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Archives display marking the seventeenth Stephen Roskill Memorial lecture and the centenary of the end of the First World War.
As part of the seventeenth Stephen Roskill Memorial lecture, Margaret MacMillan discussed how the Great War is reflected on today. As this year marks the centenary of the end of the First World War, her talk focussed on the significance and legacy of the conflict and its aftermath. The Churchill Archives Centre curated a display that illustrated these issues based on a selection of material from its collections.
Another key item of the display was a copy of the Treaty of Versailles from 1919, which belonged to Philip Noel-Baker. Noel-Baker attended the Paris Peace Conference as a member of the League of Nations’ Section of the British Delegation.
The display also featured a number of cinematic photographs that illustrated the aftermath of the First World War. The photographs were taken with a personal camera by Sir William Bull, who was working as Walter Long’s Parliamentary Private Secretary in 1919 when Long became First Lord of the Admiralty. Bull took the photographs in early 1919 during their visit to war damaged sites in Belgium, and subsequently used them as illustrations for his diary.
A document covering some of the key decisions that were made after the war is the printed copy of agreements between the Allied forces and the German government concerning reparations after the First World War. On display were the first pages of the 1924 ‘League of Nations Treaty No. 36’, published in English and French.
Other material related to the peace negotiations after the First World War was taken from the Malkin collection. William Malkin joined the Foreign Office in 1911 and was Assistant Legal Adviser from 1914 to 1925. In 1919, he attended the Paris Peace Conference and kept numerous items related to this event. His official papers about the Paris Peace Conference also include memorabilia, such as his pass and an invitation to the signing of the treaty.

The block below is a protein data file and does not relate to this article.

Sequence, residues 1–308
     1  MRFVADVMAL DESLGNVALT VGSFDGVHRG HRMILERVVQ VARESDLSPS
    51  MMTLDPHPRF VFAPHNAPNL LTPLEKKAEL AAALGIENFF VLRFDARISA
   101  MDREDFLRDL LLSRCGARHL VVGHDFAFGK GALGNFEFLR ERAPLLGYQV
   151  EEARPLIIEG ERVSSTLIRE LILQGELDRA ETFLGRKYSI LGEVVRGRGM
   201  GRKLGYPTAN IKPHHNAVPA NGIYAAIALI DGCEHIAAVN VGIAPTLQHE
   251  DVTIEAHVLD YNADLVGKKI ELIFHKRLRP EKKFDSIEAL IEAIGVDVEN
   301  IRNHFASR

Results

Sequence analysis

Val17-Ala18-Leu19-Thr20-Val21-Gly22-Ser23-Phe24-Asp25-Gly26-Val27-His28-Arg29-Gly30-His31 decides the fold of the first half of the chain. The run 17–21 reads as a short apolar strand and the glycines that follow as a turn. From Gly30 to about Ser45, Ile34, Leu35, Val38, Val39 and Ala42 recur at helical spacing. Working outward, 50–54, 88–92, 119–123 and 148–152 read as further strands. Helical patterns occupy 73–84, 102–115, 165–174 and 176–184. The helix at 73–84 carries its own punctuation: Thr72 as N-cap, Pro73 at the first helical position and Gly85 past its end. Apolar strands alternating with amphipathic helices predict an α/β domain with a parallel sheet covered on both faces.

A letter from Maurice Hankey, the Cabinet Secretary, which he wrote to his daughter Ursula during the signing of the peace treaty on the 28th June 1919, gave the illustration of historic events a personal note.
A striking item from the display was a memorandum by Lloyd George, British Prime Minister at the time. In 1919, thirty years before the outbreak of the Second World War, Lloyd George claimed that “it is […] comparatively easy to patch up a peace which will last for thirty years.” He first noted his thoughts in his memorandum ‘Some considerations for the Peace Conference before they finally draft their terms’ and later published them in his memoirs. Maurice Hankey was among a select group who received this secret memo in 1919. Churchill also quotes Lloyd George’s memorandum extensively in The World Crisis. Volume IV: The Aftermath.
The Churchill Archives Centre holds a number of collections related to the First World War. Subject guides to the Archives Centre’s holdings related to the First World War, political life and government policy during the war, the Dardanelles, the Western Front and naval strategy can be found online.
— Julia Schmidt.
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